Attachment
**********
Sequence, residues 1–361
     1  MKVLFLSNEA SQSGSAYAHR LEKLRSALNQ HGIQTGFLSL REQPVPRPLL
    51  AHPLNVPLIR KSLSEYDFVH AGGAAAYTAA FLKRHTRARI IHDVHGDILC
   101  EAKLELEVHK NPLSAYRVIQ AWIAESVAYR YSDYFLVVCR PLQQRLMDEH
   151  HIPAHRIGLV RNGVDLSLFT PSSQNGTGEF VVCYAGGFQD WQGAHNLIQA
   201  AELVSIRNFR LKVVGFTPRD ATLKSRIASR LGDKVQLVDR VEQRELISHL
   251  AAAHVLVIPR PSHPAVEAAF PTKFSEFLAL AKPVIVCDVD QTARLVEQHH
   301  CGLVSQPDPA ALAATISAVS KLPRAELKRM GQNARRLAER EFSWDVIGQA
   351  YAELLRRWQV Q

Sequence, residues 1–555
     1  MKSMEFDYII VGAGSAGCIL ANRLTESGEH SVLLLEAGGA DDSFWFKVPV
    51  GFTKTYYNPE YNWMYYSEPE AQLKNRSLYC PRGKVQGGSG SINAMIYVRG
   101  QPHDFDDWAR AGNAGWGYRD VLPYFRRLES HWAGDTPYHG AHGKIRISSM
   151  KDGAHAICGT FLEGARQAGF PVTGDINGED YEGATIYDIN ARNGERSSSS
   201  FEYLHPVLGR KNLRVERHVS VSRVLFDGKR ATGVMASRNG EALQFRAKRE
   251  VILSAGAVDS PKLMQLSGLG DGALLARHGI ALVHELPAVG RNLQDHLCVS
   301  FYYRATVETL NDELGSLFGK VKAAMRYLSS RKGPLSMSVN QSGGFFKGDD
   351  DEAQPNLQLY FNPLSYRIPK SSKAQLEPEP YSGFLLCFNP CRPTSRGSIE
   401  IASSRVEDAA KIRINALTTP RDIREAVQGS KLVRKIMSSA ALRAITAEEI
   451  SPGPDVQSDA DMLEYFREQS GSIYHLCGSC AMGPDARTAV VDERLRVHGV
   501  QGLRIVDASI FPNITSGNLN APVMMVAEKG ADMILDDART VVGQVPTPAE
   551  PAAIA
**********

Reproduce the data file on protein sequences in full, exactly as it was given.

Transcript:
Sequence, residues 1–361
     1  MKVLFLSNEA SQSGSAYAHR LEKLRSALNQ HGIQTGFLSL REQPVPRPLL
    51  AHPLNVPLIR KSLSEYDFVH AGGAAAYTAA FLKRHTRARI IHDVHGDILC
   101  EAKLELEVHK NPLSAYRVIQ AWIAESVAYR YSDYFLVVCR PLQQRLMDEH
   151  HIPAHRIGLV RNGVDLSLFT PSSQNGTGEF VVCYAGGFQD WQGAHNLIQA
   201  AELVSIRNFR LKVVGFTPRD ATLKSRIASR LGDKVQLVDR VEQRELISHL
   251  AAAHVLVIPR PSHPAVEAAF PTKFSEFLAL AKPVIVCDVD QTARLVEQHH
   301  CGLVSQPDPA ALAATISAVS KLPRAELKRM GQNARRLAER EFSWDVIGQA
   351  YAELLRRWQV Q

Sequence, residues 1–555
     1  MKSMEFDYII VGAGSAGCIL ANRLTESGEH SVLLLEAGGA DDSFWFKVPV
    51  GFTKTYYNPE YNWMYYSEPE AQLKNRSLYC PRGKVQGGSG SINAMIYVRG
   101  QPHDFDDWAR AGNAGWGYRD VLPYFRRLES HWAGDTPYHG AHGKIRISSM
   151  KDGAHAICGT FLEGARQAGF PVTGDINGED YEGATIYDIN ARNGERSSSS
   201  FEYLHPVLGR KNLRVERHVS VSRVLFDGKR ATGVMASRNG EALQFRAKRE
   251  VILSAGAVDS PKLMQLSGLG DGALLARHGI ALVHELPAVG RNLQDHLCVS
   301  FYYRATVETL NDELGSLFGK VKAAMRYLSS RKGPLSMSVN QSGGFFKGDD
   351  DEAQPNLQLY FNPLSYRIPK SSKAQLEPEP YSGFLLCFNP CRPTSRGSIE
   401  IASSRVEDAA KIRINALTTP RDIREAVQGS KLVRKIMSSA ALRAITAEEI
   451  SPGPDVQSDA DMLEYFREQS GSIYHLCGSC AMGPDARTAV VDERLRVHGV
   501  QGLRIVDASI FPNITSGNLN APVMMVAEKG ADMILDDART VVGQVPTPAE
   551  PAAIA